elderly womanAlzheimer’s disease is a chronic neurodegenerative disease that usually starts gradually and then gets worse over time. It is named after the German psychiatrist and pathologist Alois Alzheimer who first described the disease in 1906. The cause of the disease is still largely unknown, but it is generally diagnosed based on a study of medical history, history from relatives, and behavioural observations. Read on to learn about how this disease affects the body, how it develops over time, and how it is treated.

More than just memory loss

Alzheimer’s disease is the most common form of dementia, which is a general term for memory loss and decreased ability to think over time that interferes with a person’s daily functioning. Alzheimer’s, in fact, accounts for about 60 to 70 percent of dementia cases. In addition to causing a decreased ability to remember things both short term and long term, Alzheimer’s can lead to decreased thinking and reasoning skills. It is not considered to be a normal part of the aging process, though the risk of developing Alzheimer’s does increase with age.

Early symptoms

One of the most common early symptoms of Alzheimer’s disease is short term memory loss, which in its early stages is often mistaken for a side effect of ageing or stress. This type of memory loss often takes on the form of an inability to remember recently learned facts and an inability to acquire new information. Those in the early stages of Alzheimer’s might also exhibit symptoms of apathy, depression, irritability, and problems with functions of planning, attentiveness, and abstract thinking. This stage is generally referred to as the pre-dementia stage.

Beyond the pre-dementia stage, early onset is characterized by increased impairment to memory and learning, with heightened symptoms like absent-mindedness, forgetfulness, and confusion in situations outside of the familiar.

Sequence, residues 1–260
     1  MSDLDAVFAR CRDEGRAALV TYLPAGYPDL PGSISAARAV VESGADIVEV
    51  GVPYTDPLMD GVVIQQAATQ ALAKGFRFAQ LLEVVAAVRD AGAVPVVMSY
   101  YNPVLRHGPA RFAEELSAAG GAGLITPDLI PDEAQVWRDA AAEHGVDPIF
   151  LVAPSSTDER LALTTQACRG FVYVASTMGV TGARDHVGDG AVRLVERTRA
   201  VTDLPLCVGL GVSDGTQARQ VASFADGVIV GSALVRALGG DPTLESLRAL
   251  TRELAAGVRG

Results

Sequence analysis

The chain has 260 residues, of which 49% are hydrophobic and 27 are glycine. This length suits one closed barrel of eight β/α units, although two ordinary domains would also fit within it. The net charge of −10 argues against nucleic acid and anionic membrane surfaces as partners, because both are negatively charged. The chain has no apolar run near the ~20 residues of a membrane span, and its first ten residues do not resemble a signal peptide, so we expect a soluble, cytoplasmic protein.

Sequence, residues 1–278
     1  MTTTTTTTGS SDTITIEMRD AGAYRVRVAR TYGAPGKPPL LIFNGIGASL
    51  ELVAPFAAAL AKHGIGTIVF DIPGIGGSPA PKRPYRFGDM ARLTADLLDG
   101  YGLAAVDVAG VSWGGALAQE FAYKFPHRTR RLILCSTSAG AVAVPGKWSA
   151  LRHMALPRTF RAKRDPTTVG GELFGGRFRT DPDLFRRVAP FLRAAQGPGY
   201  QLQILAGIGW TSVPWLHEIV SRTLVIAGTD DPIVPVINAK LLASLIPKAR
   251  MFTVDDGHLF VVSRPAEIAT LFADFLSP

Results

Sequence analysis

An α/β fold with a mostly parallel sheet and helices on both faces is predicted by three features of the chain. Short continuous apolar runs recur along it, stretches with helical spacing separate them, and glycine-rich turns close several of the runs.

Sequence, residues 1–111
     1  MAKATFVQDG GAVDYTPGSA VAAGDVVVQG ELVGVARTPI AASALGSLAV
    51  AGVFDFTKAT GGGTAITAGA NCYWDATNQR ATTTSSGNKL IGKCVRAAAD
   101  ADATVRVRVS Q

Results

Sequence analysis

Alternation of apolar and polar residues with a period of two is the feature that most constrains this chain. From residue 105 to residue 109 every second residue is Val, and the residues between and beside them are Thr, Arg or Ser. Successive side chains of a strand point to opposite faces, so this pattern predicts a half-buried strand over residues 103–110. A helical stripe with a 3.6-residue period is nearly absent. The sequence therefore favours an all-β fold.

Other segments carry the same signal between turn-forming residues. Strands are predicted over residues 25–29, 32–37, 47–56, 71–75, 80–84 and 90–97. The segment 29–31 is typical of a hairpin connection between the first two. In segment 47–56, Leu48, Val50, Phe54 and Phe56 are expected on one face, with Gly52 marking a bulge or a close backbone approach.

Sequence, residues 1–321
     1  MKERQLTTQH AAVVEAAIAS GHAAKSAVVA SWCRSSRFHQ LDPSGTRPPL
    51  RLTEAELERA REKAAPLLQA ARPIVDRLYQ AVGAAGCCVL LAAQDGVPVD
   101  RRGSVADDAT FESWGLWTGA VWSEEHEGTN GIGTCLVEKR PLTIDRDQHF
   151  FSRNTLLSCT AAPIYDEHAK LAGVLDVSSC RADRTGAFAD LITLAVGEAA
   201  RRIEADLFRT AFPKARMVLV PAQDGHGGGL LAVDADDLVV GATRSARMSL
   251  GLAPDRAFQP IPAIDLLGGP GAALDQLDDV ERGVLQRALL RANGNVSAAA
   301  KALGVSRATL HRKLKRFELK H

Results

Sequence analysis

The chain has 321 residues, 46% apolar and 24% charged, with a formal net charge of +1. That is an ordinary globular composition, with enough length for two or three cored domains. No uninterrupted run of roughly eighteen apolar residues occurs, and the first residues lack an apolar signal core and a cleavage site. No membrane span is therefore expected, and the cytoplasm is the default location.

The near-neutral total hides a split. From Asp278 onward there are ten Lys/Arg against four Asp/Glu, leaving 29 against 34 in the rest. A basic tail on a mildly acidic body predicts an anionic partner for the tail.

Middle- and late-stage symptoms

As Alzheimer’s is a chronic neurodegenerative disease, symptoms from early onset will continue to worsen. Those in the middle stages of Alzheimer’s will exhibit heightened forms of memory loss and impaired cognition, at times initiating the same conversation over and over, being unable to recall vocabulary or perform complex motor sequences, facing difficulty reading and writing, and having trouble identifying close relatives. People affected by this stage of Alzheimer’s will also exhibit behavioral changes such as involuntary bouts of crying or laughing (labile affect), wandering, and irritability.

During the final stages of Alzheimer’s, an affected individual will become completely dependent on caregivers. This is because language is typically reduced to simple phrases or even single words at this point, eventually even progressing to complete loss of speech. Even the simplest of tasks cannot be performed independently, and muscle mass and overall mobility have greatly declined by this stage, as well. Those in this stage might also exhibit extreme apathy or exhaustion, sometimes coupled with aggression. It is typically an external factor such as pneumonia or pressure ulcers that results in death—not the disease itself.


Unfortunately the effects of Alzheimer’s disease cannot be reversed; the disease can only be managed. Some medications exist to treat the cognitive problems of Alzheimer’s, but these medications have not been proven to slow the progression of the disease. There are also types of therapy and stimulation-oriented treatments that can be used to help reduce certain problem behaviors and improve mood. Primarily, however, caregiving is needed to help those who can no longer live independently.